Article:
How to Make Creative Garden Markers
Know Your Garden
The seeds are sown-now what exactly did you plant? It's a problem that plagues gardeners every year. Using repurposed materials such as craft sticks and wine corks, you can solve this dilemma by making custom plant markers that are just as lovely as your garden. The benefits of identifying plants are straightforward enough: you'll be more likely to avoid weeding the seedlings as they emerge, and you'll be able to answer those pesky harvest-time questions of "is it a squash...or a pumpkin?"
Here's a rock you actually won't want to to dig up from the garden bed! Turn stones into painted markers to set by the crop rows. Choose rocks with a flat, smooth surface and wash them. After they've dried, decorate with acrylic paint. Use a clear acrylic coat to help your markers last through summer storms. These painted rocks add a burst of color to the garden long before any blossoms emerge.
This may be the easiest idea in the bunch. These plant markers are made with two things you probably have left over from summer entertaining. Push a wine cork onto a wooden skewer, then use a ballpoint pen or permanent marker to write the plant name on the cork. At the end of the season, they are compostable.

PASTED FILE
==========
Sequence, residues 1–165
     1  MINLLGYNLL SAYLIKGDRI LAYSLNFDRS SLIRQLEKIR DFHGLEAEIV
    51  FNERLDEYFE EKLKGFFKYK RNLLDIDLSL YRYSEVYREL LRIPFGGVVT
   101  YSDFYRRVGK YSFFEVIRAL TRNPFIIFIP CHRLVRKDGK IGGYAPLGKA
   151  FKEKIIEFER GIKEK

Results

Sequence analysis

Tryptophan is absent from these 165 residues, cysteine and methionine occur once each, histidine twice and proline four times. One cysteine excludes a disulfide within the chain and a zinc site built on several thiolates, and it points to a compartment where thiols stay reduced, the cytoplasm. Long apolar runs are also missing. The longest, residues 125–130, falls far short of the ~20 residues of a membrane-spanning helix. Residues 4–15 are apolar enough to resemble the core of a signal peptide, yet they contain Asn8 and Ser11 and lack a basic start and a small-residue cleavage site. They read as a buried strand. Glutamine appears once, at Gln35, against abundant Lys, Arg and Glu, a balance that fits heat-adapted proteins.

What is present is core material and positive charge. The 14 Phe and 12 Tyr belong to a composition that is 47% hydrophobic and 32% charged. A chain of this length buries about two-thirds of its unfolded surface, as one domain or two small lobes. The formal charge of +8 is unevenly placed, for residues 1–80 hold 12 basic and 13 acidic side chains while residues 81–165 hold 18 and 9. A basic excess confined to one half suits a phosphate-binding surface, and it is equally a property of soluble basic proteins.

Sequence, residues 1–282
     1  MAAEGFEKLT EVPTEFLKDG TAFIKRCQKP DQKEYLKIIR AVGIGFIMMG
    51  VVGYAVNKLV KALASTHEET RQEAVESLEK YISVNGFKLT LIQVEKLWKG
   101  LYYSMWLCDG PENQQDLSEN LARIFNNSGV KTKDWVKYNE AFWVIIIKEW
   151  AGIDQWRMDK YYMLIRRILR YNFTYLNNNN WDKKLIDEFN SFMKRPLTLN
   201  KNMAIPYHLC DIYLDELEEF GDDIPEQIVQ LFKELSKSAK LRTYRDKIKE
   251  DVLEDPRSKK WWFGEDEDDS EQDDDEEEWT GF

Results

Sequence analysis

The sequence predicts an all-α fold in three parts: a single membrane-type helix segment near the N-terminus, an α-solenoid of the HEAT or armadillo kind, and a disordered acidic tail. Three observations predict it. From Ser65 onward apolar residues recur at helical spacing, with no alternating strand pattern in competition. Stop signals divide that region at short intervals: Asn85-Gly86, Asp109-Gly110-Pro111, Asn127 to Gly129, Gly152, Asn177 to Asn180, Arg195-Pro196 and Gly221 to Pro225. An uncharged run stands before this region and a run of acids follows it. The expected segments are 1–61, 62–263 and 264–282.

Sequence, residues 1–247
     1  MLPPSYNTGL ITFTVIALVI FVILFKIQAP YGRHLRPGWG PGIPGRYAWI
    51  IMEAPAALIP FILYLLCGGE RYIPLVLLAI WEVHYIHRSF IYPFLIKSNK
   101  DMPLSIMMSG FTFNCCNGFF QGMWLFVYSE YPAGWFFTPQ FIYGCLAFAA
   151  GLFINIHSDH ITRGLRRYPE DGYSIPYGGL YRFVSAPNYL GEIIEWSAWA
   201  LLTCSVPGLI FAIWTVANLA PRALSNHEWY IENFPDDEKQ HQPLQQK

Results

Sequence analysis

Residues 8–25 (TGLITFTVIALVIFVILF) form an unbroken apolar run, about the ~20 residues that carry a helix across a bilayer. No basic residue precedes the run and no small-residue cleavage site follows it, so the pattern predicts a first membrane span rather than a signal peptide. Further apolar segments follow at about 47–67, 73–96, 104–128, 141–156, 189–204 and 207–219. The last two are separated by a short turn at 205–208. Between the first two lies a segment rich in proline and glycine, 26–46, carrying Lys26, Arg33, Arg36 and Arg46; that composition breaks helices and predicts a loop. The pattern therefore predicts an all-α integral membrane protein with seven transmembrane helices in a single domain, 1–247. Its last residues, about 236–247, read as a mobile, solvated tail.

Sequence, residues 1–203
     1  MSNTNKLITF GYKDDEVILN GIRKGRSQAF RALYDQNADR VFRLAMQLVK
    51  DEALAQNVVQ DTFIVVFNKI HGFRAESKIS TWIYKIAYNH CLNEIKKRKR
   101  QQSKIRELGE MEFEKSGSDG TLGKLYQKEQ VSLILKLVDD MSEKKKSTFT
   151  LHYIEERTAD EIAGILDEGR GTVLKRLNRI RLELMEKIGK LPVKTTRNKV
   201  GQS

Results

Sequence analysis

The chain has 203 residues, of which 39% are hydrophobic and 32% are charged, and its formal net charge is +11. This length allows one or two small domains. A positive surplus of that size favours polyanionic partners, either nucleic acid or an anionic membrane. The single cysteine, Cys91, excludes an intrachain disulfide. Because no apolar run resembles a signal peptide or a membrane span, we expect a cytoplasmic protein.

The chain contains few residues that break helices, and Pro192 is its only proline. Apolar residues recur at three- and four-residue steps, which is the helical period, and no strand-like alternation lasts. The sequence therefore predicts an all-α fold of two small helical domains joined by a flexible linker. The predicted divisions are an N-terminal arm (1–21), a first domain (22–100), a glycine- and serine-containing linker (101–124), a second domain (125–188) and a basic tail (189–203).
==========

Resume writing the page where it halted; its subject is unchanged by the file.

Many styles of garden markers can be made from leftover Popsicle sticks or the jumbo craft sticks designed for children's projects. Using acrylic paint and permanent marker, try black on white (and vice versa) or paint something that resembles the plant. They needn't be highly accurate--you're making a garden marker, not illustrating the Farmer's Almanac. A few brush strokes that resemble a flower of an appropriate color will do. If you're intimidated, enlist a child to paint it for you. Children are delightfully unencumbered by the expectation to draw realistically.
Herbs and Succulents
Plant markers are useful for more than just seedlings. I mark my succulents so I don't forget their lovely names. Identifying your herbs indoors or out makes for easy harvesting when you're in the middle of preparing a recipe.
You may choose to use the Latin names of plants, though common names are shorter to spell out on plant markers. One type may be best referred to in comic Latin, however. That would be plantus unknownus, for when you just don't know!
Abbie Burgess is a Minnesota-based freelancer. She writes about decorating, style, events, and natural living, and blogs at www.thepinkpaperdoll.com.